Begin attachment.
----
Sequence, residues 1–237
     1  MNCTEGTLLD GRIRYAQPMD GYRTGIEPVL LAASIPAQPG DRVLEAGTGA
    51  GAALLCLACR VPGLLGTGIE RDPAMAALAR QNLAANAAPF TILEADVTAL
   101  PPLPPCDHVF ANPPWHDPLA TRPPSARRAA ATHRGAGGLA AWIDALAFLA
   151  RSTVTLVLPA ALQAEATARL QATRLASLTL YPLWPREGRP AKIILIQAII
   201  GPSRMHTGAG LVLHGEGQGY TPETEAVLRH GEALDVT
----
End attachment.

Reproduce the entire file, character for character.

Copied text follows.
Sequence, residues 1–237
     1  MNCTEGTLLD GRIRYAQPMD GYRTGIEPVL LAASIPAQPG DRVLEAGTGA
    51  GAALLCLACR VPGLLGTGIE RDPAMAALAR QNLAANAAPF TILEADVTAL
   101  PPLPPCDHVF ANPPWHDPLA TRPPSARRAA ATHRGAGGLA AWIDALAFLA
   151  RSTVTLVLPA ALQAEATARL QATRLASLTL YPLWPREGRP AKIILIQAII
   201  GPSRMHTGAG LVLHGEGQGY TPETEAVLRH GEALDVT